Young people should have their own citizen's charter outlining the services local authorities will provide for them, the chief executive of the National Youth Agency has suggested.
Tom Wylie told the Council of Local Education Authorities, which represents councils south of the border: "We need urgently to close the gaps of underachievement, to bring many more young people into the social political, economic and educational mainstream.
"We can, as a nation, continue producing young consumers rather than active citizens. We can endure the regular 'slow riot' of violence, drug misuse or adolescent criminality. Or we can embrace this agenda of social renewal: the achieving school, the empowering youth group, the inclusive community, the enabling state."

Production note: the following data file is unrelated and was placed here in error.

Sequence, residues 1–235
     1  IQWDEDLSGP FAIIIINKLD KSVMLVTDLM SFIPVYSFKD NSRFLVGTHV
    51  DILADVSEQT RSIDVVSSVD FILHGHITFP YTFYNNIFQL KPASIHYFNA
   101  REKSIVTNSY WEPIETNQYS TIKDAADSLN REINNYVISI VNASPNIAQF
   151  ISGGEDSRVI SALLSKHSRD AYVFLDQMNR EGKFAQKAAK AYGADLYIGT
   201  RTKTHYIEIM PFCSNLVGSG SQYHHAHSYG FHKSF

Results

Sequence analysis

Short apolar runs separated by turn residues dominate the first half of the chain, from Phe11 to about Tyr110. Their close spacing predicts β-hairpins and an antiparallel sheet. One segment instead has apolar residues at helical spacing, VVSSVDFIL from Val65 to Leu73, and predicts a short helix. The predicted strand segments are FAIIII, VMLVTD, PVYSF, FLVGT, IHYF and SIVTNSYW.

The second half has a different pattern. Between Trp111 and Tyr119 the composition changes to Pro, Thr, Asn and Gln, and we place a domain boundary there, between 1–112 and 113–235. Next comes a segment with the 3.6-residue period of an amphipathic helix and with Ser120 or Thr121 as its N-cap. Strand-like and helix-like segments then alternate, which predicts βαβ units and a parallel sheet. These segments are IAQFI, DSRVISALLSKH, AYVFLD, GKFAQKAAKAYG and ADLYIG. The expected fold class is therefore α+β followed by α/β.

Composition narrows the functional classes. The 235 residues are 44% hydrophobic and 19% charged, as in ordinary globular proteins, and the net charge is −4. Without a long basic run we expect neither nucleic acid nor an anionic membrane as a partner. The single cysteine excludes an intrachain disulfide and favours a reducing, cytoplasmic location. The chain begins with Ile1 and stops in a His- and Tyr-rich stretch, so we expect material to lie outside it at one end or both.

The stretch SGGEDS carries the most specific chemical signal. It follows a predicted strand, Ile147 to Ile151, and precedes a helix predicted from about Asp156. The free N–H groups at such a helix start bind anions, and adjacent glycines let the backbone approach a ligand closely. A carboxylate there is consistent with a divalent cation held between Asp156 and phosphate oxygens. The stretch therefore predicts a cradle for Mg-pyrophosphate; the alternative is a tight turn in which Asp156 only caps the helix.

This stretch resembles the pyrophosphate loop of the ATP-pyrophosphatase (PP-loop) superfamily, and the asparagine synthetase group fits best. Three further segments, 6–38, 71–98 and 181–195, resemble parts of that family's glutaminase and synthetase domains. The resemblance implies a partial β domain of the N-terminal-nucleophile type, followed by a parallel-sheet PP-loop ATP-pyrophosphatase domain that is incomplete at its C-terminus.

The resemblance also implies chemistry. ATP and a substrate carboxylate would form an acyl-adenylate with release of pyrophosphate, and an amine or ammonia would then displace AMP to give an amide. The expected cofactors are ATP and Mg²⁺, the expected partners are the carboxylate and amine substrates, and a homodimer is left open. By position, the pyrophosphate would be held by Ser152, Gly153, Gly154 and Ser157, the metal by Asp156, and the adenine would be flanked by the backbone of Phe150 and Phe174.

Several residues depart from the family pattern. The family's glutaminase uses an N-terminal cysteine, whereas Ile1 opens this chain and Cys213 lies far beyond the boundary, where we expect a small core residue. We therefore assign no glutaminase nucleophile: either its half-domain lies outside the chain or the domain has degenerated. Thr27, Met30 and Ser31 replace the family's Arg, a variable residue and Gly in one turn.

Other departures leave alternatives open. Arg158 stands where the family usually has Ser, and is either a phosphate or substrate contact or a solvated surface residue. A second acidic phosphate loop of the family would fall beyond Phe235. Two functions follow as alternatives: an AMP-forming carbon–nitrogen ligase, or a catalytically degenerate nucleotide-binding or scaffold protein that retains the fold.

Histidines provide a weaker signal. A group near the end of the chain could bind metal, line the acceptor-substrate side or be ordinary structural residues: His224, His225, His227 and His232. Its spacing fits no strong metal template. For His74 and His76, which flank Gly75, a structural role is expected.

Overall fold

Guarantees to young people might include the provision of a safe, warm, well-equipped meeting place within a bus ride, easy access to reliable information, planned opportunities to develop personal skills, opportunities to take part each month in drama, music, sport and voluntary action, a key worker to give support in a crisis, and a youth forum.
Youth work services should be more active in promoting supported study, activities to discourage crime and programmes to encourage effective training and healthy living.
Mr Wylie admitted: "Youth work is often seen as rather low-level recreational provision or therapeutic conversations carried out in careworn, shabby premises."